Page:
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Now in its third year, the San Francisco Art Book Fair (SFABF) cultivates a diverse and inclusive roster showcasing talent from the Bay Area art publishing community and beyond, exhibiting hand-stapled zines alongside limited edition clothbound tomes.
Launched in 2016 by Colpa Press, Minnesota Street Project, and Park Life, SFABF spotlights an eclectic selection of artists’ books, catalogues, monographs, periodicals, zines, ephemera, and multiples. These items are presented by over 100 publishers, antiquarian dealers, artists, and galleries. Unlike traditional book fairs, SFABF integrates book-themed exhibitions from adjacent galleries into a concerted celebration of ink on paper.
Since its founding, the fair has grown exponentially, welcoming 10,000 visitors in 2017. This year marks not only an increase in the number of exhibitors, but also the highest international turnout, including representatives from Iran, United Arab Emirates, Japan, and France.
The weekend is complemented by fair-specific programming, including talks, launches, special projects, and signings. This year’s lineup features a Ruth Asawa book launch from David Zwirner Books; a lecture by performance artist Andrea Fraser; a Museum of Capitalism book launch from Inventory Press; and the panel Corita Kent, Activism & Art in the 60s, honoring the artist’s centennial and publication of International Signal Code Alphabet from Atelier Éditions. SFABF also welcomes Canyon Cinema and SF Cinematheque, who will curate a selection of experimental films in MSP’s Media Room.
July 20–22. Minnesota Street Project (MSP), 1275 Minnesota St, SF 94107. Free admission.
An SFMOMA exhibition raises questions about what it means when museum board members have ties to politicians who support border wall policies.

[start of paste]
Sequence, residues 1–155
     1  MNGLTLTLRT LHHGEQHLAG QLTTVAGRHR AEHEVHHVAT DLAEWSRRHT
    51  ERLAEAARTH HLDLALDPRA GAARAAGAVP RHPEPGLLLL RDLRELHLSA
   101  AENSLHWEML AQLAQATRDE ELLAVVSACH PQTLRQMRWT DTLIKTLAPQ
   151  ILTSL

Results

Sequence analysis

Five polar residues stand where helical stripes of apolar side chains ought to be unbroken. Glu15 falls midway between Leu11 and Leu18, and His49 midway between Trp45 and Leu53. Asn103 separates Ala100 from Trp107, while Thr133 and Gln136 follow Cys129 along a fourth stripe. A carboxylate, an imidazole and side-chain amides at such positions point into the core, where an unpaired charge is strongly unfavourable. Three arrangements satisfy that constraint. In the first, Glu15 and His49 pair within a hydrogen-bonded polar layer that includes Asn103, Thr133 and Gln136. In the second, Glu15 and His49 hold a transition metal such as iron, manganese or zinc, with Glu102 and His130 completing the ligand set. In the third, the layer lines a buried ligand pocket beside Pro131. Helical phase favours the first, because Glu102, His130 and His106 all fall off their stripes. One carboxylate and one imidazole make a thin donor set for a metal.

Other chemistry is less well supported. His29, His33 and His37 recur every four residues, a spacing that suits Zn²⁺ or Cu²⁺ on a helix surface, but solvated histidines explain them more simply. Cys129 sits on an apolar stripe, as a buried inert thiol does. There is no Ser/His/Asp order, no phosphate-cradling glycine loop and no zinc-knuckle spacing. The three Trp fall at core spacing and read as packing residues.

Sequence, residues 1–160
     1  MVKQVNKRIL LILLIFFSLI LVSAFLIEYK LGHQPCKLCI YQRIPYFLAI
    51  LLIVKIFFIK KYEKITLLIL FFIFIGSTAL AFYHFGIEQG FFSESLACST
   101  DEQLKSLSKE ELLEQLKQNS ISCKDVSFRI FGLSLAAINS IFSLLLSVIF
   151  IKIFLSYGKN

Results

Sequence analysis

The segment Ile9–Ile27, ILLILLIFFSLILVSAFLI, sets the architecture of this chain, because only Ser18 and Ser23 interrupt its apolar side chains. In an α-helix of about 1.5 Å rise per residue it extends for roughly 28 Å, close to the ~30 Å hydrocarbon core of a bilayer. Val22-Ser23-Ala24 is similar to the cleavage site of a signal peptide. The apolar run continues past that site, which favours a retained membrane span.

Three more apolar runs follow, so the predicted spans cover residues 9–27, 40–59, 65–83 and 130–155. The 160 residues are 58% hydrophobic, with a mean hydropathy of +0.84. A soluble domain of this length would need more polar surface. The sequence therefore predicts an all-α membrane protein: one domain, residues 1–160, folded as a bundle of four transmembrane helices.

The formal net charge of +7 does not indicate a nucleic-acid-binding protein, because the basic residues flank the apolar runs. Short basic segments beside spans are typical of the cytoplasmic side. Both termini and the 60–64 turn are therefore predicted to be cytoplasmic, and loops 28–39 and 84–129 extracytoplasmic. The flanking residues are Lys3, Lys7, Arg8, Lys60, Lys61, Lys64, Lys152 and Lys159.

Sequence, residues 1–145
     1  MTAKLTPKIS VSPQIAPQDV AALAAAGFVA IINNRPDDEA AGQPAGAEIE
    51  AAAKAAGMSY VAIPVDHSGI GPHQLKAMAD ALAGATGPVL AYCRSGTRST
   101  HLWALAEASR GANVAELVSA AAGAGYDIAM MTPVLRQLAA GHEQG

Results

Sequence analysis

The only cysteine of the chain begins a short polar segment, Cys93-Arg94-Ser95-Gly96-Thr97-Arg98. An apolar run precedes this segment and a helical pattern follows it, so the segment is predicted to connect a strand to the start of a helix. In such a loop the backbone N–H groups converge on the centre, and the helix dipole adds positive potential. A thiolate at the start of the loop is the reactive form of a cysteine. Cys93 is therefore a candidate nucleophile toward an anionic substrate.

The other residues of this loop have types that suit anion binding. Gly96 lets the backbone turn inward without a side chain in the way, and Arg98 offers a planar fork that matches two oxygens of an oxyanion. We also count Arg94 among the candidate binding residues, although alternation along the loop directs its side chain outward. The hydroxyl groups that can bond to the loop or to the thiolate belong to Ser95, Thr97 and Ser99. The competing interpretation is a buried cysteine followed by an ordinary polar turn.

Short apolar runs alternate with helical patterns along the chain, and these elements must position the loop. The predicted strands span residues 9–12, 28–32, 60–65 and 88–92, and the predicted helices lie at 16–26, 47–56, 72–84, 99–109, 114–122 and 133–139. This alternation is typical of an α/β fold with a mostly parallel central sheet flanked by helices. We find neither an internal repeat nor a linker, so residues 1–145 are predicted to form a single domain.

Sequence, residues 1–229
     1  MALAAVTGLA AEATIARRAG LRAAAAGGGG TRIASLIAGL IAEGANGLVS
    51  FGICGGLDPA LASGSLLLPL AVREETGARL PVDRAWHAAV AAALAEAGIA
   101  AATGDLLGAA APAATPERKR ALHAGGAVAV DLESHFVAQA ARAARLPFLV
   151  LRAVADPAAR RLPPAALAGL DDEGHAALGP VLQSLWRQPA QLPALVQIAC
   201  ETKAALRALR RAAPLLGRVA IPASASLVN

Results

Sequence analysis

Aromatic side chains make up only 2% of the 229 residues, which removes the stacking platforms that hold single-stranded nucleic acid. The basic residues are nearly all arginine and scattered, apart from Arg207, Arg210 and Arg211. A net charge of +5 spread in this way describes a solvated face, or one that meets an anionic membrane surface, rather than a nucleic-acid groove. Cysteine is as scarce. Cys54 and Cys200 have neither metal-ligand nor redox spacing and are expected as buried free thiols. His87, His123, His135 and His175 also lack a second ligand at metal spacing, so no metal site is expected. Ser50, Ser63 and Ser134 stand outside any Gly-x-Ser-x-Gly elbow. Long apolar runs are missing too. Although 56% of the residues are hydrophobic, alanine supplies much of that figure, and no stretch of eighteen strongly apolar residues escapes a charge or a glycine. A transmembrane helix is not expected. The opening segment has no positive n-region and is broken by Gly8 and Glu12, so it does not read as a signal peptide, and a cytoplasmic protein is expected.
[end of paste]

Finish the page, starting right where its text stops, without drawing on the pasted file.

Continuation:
The exhibition at the Jewish Museum delves into “degenerate” art and art made under duress as part of a thought-provoking yet diffuse exhibition.
In Philadelphia, a series of solo shows delves into the interdisciplinary practices of graduates whose work explores identity, familial bonds, political constructs, and nature’s fragility.
Despite his work’s apparent abstraction, Sheroanawe Hakihiiwe insists that “I don’t invent anything, everything I do is my jungle and what is there.”
David Uzochukwu, Kennedi Carter, and Kiki Xue are among the 35 artists whose work will be displayed online and at the festival in Milan, Italy.
On November 14, join Columbia University School of the Arts for virtual information sessions with the program chair, faculty, and staff.
No Vacancy, curated by Jody Graf, will be on view from October 26 through November 8 at the school’s Kellen Gallery in New York City.
To do so before they have returned the Maqdala treasures and the Benin Bronzes and the Easter Island statues and the Maori heads, before a coherent set of precepts for decolonization has been articulated, would affirm the wrong principle.
“Everybody in Mesopotamia, as far as I understand it, believed in ghosts,” said Irving Finkel, a curator of the British Museum’s Middle Eastern department.